COVID-19 III

A lot has changed since the last blog post I wrote.

First and foremost, there’s good news. Modelling suggests that BC’s social distancing attempts are actually flattening the curve (!😊😃!), and that BC’s hospitals are “reasonably prepared” for a surge in people sick from COVID-19. Hooray for BC! We’re doing well. Our efforts are working.

Second, the Liberal government made a power grab which would have given Bill Morneau the power to raise or lower any taxes he wished for the indefinite future (or so I’ve read). The Conservatives and the NDP strongly opposed this, thank goodness, and defeated the bill that would have allowed the Liberals such powers. It was interesting to note that many of the legal pundits I follow on twitter were making decidedly American arguments against the Liberal motion when they cried out “no taxation without representation!” The British tradition, which emerged in the 17th and 18th centuries, was one where the members of Parliament were just taken to represent the people’s will. The American tradition actually emerged in England the 15th and 16th centuries, but disappeared over time. So I guess Canada is indeed moving closer towards the American view of political philosophy than the British one. Honestly, I can’t complain. Considering also that the Liberals actually attempted this, it has now become the obligation of every Canadian citizen to pay even more careful attention to the decisions and reasoning of our government.

Next, I think that the credibility of the WHO and our experts is starting to crack and crumble. This was one article that did it. It shows a Canadian government which is more concerned with the prevention of fear and discrimination’s spread, rather than the prevention of COVID-19 in Canada. It shows a Dr. Teresa Tam who says that shutting down borders doesn’t actually do anything to stop the spread of the virus, “based on evidence”, but then a couple weeks later, Dr. Tam saying that borders should be closed. It shows that the Canadian government did not have a grasp on the fact that people needed to self-isolate. It shows a Canadian government repeating over and over that Canada’s risk level is “low” (how do they calculate this in the first place?!). It shows a WHO which is primarily concerned with China appeasement and SJW moralizing that keeps borders open. And lastly, it shows how the small but mighty democracy of Taiwan was able to stave off COVID-19 from decimating their population, which remains true to this day.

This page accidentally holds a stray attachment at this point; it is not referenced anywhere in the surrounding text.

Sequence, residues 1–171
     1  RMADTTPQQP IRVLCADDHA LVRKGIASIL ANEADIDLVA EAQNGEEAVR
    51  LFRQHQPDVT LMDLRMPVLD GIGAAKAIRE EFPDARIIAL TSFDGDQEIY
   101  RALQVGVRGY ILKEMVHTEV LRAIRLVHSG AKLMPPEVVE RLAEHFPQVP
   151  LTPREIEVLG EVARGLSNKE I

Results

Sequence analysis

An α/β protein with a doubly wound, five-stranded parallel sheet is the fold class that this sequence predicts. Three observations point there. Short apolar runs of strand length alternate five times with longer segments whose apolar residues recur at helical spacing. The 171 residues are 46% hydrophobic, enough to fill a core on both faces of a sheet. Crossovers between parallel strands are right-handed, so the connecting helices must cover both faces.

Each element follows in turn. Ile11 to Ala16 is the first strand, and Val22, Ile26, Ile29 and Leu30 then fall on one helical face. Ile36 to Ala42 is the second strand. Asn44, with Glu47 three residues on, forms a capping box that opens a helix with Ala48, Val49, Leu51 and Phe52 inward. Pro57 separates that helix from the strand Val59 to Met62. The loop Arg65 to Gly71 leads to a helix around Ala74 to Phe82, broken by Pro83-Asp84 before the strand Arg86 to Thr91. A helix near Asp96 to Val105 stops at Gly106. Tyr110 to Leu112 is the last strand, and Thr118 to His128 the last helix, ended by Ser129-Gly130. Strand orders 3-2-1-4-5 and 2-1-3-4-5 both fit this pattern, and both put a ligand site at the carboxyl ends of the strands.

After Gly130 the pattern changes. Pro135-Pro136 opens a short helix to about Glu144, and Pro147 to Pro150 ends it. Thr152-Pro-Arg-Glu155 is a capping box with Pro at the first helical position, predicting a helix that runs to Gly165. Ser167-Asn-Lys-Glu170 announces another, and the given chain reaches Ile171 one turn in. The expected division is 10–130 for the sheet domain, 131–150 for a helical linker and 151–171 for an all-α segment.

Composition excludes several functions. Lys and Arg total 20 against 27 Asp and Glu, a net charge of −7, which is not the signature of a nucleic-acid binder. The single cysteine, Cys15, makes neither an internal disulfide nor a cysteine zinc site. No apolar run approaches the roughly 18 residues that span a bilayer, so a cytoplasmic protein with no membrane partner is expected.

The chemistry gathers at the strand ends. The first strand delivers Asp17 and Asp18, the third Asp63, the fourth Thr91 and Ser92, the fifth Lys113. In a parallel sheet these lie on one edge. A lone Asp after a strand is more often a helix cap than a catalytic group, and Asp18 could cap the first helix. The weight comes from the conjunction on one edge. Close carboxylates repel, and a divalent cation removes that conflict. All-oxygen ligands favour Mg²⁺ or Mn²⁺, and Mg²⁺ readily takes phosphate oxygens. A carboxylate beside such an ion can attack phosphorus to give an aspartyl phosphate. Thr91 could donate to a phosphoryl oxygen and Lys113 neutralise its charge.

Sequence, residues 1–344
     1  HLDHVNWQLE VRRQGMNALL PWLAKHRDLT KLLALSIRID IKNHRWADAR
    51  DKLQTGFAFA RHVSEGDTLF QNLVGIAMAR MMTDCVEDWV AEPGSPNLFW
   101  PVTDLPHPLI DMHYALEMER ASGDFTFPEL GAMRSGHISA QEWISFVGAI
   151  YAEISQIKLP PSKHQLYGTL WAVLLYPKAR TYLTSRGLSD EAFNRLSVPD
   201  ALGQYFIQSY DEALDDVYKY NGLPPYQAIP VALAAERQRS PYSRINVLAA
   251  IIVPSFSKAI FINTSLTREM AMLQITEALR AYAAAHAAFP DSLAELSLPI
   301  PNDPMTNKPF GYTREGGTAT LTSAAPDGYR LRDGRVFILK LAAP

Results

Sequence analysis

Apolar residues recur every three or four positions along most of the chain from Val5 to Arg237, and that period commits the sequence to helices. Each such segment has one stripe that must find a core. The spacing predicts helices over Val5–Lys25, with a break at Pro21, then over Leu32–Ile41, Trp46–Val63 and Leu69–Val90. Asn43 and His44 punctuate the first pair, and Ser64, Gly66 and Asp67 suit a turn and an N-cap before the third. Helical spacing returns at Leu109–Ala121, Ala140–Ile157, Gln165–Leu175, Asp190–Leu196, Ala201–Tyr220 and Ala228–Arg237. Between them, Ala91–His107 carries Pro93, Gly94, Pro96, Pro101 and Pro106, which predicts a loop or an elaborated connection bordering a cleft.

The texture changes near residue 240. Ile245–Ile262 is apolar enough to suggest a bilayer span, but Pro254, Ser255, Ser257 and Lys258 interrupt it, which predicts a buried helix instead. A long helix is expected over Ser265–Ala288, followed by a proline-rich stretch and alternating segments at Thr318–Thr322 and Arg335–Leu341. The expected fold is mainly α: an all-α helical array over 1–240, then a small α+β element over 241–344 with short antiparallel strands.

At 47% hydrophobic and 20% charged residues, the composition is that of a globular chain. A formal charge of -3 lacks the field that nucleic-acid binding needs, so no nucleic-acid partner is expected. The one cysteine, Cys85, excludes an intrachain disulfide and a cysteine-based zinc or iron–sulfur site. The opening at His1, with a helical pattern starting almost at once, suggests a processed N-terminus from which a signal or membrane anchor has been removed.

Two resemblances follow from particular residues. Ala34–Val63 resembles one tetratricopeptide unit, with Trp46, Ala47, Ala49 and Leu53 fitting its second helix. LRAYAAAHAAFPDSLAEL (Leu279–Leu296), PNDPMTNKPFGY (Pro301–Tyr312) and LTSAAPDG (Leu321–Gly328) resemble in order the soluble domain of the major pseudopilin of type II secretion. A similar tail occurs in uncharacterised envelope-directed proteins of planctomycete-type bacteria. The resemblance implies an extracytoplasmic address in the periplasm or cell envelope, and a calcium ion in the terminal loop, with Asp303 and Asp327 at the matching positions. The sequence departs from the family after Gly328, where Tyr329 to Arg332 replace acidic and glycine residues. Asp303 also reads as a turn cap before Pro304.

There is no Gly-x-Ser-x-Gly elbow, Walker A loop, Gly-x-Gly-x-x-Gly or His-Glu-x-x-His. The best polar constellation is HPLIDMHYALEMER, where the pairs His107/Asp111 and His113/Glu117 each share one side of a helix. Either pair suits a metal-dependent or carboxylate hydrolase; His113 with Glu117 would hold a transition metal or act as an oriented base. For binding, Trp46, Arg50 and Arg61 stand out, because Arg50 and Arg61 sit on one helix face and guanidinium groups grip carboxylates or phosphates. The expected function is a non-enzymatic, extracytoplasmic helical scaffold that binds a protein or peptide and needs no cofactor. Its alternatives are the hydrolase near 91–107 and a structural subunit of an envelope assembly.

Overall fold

I will say however one thing in support of the government, which, when they did this, probably had good intentions in mind. They resisted (or rather, dismissed) requests to force people to self quarantine after they came back from international trips. While I see now, from hindsight, that this was the wrong move to make, I appreciate that they were trying to retain our liberty. And secondly, on Jan 29, when Dr. Tam said that asymptomatic cases don’t transmit, I didn’t know that COVID-19 would have blown up to be the thing it is today, but I think Tam could have.

This viral video did in the WHO for me. It shows the deputy general of the WHO Bruce Aylward (a Canadian to boot!) pretending he didn’t hear questions about Taiwan, and then hanging up after the reporter persisted. It was very sad to watch. It is also unnecessary to dance to the rhythm of repressive China’s drum! When SARS broke out in 2003, the then Director General of WHO Dr. Gro Harlem Brundtland criticized China for trying to cover up its responsibility in unleashing SARS. We should and are able to expect more from our leaders in the face of Chinese pressure.

Our “experts” as well are becoming more suspect. In my last blog post, I wrote that while expert knowledge is useful and great, but it can also lead to arrogance and totalitarianism. The timeline article I linked to above reveals this slightly. Our government and health leaders made decisions on the basis of data. Dr. Tam, for example, thought that because there wasn’t much evidence to show that asymptomatic people could spread the virus, there was no need to have people self isolate. This turned out to be wrong – asymptomatic people can indeed transfer the virus to others, as Sophie Trudeau did to Idris Elba. I think the issue here was that they were making decisions solely “based on data”. The issue is that absence of evidence is taken for evidence of absence, something that Nassim Taleb has pointed out is a flaw in intellectuals. Dr. Tam thought that because there wasn’t much evidence to show that asymptomatic people spread it, that therefore they probably don’t spread it.